The Cultural Significance

FGM is not a geographic tradition rather a cultural phenomenon practiced by distinct ethnic groups. From Eurocentric perspective FGM is an embodiment of subjugation, subordination of oppression against women. But in the social context of the regions, FGM is an important component in the socialization of the girl into the social, familial, sexual, and reproductive role of the woman (Anne M. Gibeau). In addition, FGM confers upon a girl her eventual eligibility for marriage, which often is the only economic option for most women in these cultures (Gibeau). Even the women performing FGM hold significant importance in the society as the bearer of their tradition. Without FGM, girls/women and their families have to undergo different kinds of mistreatment, discrimination and those in those societies. Although it may be difficult to justify FGM from the Eurocentric point of view or even understand it in the context of the culture in which it is practiced, it is important to not disregard such cultural reality.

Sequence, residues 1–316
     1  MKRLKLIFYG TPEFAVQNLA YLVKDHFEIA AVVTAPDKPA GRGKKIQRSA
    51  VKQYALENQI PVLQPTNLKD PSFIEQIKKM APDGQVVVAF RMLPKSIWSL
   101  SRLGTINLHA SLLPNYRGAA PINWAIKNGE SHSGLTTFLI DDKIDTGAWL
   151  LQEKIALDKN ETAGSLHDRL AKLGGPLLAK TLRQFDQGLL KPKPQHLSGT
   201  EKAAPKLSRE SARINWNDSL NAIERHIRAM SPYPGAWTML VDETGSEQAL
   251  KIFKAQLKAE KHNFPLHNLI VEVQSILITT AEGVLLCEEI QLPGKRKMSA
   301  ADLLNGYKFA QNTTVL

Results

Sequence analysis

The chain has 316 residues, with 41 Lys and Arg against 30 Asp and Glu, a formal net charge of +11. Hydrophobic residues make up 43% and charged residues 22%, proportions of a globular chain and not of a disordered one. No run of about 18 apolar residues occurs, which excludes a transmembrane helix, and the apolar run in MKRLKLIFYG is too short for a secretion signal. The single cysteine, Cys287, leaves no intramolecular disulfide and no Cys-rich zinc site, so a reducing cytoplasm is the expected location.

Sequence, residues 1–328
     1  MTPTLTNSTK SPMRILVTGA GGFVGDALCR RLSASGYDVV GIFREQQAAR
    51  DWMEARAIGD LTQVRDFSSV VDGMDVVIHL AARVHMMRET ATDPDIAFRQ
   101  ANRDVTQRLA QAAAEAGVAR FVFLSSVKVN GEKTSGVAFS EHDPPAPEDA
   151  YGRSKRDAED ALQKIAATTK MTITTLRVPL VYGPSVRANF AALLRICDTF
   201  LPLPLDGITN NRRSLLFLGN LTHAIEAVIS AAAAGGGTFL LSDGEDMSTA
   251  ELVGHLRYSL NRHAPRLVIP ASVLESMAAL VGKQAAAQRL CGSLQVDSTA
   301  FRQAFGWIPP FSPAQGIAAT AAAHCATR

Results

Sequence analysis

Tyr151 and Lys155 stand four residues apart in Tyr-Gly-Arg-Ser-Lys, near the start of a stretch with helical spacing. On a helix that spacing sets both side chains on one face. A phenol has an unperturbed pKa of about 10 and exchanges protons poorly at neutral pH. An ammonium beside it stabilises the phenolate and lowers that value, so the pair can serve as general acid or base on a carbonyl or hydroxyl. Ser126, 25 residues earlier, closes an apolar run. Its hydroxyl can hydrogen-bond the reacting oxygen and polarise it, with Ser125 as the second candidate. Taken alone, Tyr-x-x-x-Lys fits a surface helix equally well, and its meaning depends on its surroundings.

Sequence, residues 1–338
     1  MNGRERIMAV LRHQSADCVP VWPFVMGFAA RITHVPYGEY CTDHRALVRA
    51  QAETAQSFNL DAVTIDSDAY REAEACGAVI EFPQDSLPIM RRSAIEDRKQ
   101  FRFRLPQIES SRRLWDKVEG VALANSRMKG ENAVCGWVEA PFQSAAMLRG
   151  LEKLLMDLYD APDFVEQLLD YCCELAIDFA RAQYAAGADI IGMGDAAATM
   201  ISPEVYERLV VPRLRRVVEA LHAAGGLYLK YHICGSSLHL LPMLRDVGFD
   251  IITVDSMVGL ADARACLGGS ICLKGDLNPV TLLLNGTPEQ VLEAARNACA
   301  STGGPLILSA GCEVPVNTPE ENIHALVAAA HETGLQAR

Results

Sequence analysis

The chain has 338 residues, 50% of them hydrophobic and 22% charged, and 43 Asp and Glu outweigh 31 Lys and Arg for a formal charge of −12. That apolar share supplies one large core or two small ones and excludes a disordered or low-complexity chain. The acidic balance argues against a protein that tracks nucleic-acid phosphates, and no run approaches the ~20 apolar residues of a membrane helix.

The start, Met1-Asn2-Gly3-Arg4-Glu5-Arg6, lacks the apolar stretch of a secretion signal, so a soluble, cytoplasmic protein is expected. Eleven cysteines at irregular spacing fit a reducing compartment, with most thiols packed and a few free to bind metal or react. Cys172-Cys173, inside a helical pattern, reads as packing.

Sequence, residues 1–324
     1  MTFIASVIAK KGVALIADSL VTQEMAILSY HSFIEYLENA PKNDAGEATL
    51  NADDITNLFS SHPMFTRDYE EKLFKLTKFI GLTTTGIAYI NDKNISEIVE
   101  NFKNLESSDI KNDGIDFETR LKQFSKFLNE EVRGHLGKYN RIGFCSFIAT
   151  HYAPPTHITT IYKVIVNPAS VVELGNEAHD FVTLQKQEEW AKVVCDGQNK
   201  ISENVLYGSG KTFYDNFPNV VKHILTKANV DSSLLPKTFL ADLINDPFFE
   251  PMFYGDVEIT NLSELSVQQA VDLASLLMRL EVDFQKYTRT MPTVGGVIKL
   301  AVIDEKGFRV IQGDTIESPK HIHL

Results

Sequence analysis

The Conflict between Culture and Law

The core reason for extremely slow reduction of FGM is the conflict between laws and culture. It is rather common to observe conflict between these two owing to the Eurocentric nature of universal legal instruments and their limited or little relevance to different regional context. While striking a balance is a common objective, often they are so contradicting that such a balance becomes infeasible to ensure. Then the question arises: which one should prevail? It is an undisputed fact that cultural practices play a huge role in shaping the social, political and legal framework of a state/region, but that does not necessarily make every such practice a good practice. Especially when it comes to distinct practices relating to women, misogyny can be seen to play a huge role in shaping those practices. The former Hindu tradition of ‘Sati’ (burning the widow alive along with her deceased husband) can be an apt example of it.